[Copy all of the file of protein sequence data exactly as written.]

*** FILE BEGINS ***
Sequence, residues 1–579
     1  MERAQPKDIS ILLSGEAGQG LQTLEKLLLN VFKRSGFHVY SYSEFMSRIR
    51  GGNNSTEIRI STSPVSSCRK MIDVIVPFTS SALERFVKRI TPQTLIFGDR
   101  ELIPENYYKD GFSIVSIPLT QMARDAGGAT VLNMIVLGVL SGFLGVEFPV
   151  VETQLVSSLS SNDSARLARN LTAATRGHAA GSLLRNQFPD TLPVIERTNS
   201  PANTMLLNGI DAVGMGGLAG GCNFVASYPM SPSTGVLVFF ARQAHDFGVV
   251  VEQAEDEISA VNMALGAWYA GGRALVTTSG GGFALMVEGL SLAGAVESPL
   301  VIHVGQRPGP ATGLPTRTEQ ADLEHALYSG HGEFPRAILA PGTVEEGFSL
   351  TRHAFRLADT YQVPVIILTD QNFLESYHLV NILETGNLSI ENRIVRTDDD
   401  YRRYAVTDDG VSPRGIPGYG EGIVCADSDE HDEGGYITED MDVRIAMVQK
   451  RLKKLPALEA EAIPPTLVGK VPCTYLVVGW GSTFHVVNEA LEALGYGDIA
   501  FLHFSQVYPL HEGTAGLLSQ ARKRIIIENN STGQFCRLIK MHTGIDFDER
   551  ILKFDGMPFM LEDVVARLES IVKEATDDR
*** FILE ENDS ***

Sequence, residues 1–579
     1  MERAQPKDIS ILLSGEAGQG LQTLEKLLLN VFKRSGFHVY SYSEFMSRIR
    51  GGNNSTEIRI STSPVSSCRK MIDVIVPFTS SALERFVKRI TPQTLIFGDR
   101  ELIPENYYKD GFSIVSIPLT QMARDAGGAT VLNMIVLGVL SGFLGVEFPV
   151  VETQLVSSLS SNDSARLARN LTAATRGHAA GSLLRNQFPD TLPVIERTNS
   201  PANTMLLNGI DAVGMGGLAG GCNFVASYPM SPSTGVLVFF ARQAHDFGVV
   251  VEQAEDEISA VNMALGAWYA GGRALVTTSG GGFALMVEGL SLAGAVESPL
   301  VIHVGQRPGP ATGLPTRTEQ ADLEHALYSG HGEFPRAILA PGTVEEGFSL
   351  TRHAFRLADT YQVPVIILTD QNFLESYHLV NILETGNLSI ENRIVRTDDD
   401  YRRYAVTDDG VSPRGIPGYG EGIVCADSDE HDEGGYITED MDVRIAMVQK
   451  RLKKLPALEA EAIPPTLVGK VPCTYLVVGW GSTFHVVNEA LEALGYGDIA
   501  FLHFSQVYPL HEGTAGLLSQ ARKRIIIENN STGQFCRLIK MHTGIDFDER
   551  ILKFDGMPFM LEDVVARLES IVKEATDDR